Would-Be Life Supporting Planet Doesn’t Actually Exist
July 8, 2014

Would-Be Life Supporting Planet Doesn’t Actually Exist

I think everyone has at least wondered if we’re alone in the Universe. Whether you believe that this old rock is the only one with life on it or not, it’s impossible to deny the vastness of space and the awe that comes with the complexity of our space programs. Like most kids my age, I was fascinated with science fiction, Heck, I bet every kid has imagined flying through space at warp speed, perhaps meeting extra-terrestrial life (or blowing up giant moon-sized battle stations). For a brief while, scientists thought they had found a planet potentially capable of sustaining life, but unfortunately for those of us with wild imaginations chock full of aliens, it was destined not to be so. Even if we were able to develop the technology to travel that far, and even if we did bring with us a sustainable genetic sample … we’d end up floating blankly in space, looking for a planet that’s actually not there. Gliese 581g was one of two planets that, according to a new study released by Penn State, don’t actually exist. They’re nothing more than figments of our collective imagination, compiled by a cluster of misinterpreted solar activity data.

It started back in 2010 with the discovery of Gliese 581; an M dwarf star located roughly 22-light years away, nestled comfortably within the constellation Libra. After its initial discovery, we began investigating the solar phenomena surrounding the star, hoping to find out more about it. Further discovery revealed the likely existence of six-planets, one of which — Gliese 581g — was an Earth-like planet that happens to be smack dab in the middle of Gliese 581’s Goldilocks Zone, which is a colloquial term for “circumstellar habitable zone. Basically, the planets orbiting in this sweet spot have enough atmospheric pressure to hold water on their surface. Seeing as how we’re made up of, oh, about 70% water, that’s a pretty important prerequisite for life.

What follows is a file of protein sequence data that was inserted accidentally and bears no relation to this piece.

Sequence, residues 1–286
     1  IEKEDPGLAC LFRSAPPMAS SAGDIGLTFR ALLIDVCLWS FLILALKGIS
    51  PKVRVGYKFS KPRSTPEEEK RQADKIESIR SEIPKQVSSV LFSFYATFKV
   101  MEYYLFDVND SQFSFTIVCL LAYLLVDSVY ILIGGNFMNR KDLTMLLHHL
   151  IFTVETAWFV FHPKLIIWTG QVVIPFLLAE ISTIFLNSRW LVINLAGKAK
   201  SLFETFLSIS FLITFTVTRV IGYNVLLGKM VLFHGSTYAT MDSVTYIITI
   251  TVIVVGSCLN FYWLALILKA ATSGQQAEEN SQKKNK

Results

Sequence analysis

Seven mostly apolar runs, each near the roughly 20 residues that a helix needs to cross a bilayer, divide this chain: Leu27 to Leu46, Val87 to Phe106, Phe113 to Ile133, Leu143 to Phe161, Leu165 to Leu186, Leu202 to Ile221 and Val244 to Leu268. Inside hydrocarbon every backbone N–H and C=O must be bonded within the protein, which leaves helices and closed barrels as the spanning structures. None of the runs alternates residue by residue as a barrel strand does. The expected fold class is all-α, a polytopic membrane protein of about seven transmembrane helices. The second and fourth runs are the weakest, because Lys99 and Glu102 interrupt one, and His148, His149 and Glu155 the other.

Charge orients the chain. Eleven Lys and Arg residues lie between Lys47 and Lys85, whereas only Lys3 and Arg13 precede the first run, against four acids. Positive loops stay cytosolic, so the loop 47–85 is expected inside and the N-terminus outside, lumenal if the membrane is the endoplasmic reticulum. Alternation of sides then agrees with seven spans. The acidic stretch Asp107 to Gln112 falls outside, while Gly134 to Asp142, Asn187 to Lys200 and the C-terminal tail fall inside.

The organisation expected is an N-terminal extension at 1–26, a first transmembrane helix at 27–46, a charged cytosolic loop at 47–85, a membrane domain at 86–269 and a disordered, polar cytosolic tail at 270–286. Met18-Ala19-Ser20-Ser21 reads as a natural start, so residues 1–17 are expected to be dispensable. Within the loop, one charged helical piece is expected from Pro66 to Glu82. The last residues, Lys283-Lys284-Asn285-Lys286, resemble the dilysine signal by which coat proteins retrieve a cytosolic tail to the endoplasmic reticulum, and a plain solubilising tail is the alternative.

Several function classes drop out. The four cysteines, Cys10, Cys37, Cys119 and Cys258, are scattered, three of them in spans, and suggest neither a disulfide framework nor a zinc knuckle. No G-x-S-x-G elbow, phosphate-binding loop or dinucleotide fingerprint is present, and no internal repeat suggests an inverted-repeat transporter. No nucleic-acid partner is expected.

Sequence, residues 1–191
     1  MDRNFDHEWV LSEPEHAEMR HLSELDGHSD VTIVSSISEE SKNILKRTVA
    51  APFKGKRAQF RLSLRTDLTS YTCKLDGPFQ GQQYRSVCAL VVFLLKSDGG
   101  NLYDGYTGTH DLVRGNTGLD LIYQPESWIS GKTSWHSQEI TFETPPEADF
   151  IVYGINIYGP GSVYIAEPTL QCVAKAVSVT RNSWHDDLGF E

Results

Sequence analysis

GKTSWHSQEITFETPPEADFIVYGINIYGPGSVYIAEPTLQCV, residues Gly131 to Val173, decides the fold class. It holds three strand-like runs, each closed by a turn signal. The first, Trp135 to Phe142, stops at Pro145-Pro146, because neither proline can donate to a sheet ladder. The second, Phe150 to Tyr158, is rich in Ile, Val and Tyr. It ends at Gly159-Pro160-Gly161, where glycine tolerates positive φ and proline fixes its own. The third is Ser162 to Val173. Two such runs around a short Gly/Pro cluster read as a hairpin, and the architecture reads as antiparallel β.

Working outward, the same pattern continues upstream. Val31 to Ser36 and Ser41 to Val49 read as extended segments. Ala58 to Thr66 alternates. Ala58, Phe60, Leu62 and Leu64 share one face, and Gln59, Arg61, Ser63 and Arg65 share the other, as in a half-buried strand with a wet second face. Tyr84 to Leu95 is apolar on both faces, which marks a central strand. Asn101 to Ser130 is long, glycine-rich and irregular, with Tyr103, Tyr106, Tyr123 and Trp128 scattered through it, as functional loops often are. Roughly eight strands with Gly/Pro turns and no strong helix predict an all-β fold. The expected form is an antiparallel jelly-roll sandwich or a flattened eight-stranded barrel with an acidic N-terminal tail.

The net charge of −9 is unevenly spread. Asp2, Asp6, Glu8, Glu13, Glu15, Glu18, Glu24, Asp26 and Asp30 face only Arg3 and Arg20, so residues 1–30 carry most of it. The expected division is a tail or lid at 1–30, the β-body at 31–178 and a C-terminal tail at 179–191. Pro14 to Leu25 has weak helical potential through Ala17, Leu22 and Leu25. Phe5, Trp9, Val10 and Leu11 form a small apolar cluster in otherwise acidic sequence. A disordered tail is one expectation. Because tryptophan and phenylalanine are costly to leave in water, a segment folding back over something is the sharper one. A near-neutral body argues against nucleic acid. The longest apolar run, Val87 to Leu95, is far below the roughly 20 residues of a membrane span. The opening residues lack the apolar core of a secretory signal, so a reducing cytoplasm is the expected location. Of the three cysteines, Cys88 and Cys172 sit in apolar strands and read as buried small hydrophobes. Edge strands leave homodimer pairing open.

The calculations placed Gliese 581g at between 3.1 – 4.3x the mass of earth, with an atmosphere that supposedly had the potential to support long-term life, similar to our own. Unfortunately, the calculations that suggested the presence of 581g were based on the presence of another planet, 581d. As it turns out, the most recent study was able to retroactively calculate several questionable variables using the actual measurement of Gilese 581’s rotation speed. With those recalculations, the team was able to use spectrography data to investigate the lines of sodium and hydrogen-alpha absorption — key factors in determining the star’s rotation. When they plugged in the data to clear up the noise in the signals, they stumbled across the awkward discovery that 581d’s presence was more than likely a false positive caused by intermittent solar activity on the part of Gilese 581.

The entire premise of 581g had been predicated on the existence of 581d, and with the first out of the picture, the likelihood of the second ever existing dropped to near zero.

Sorry, space cowboys. Looks like you’ll have to keep on looking.

Image Credit: Thinkstock

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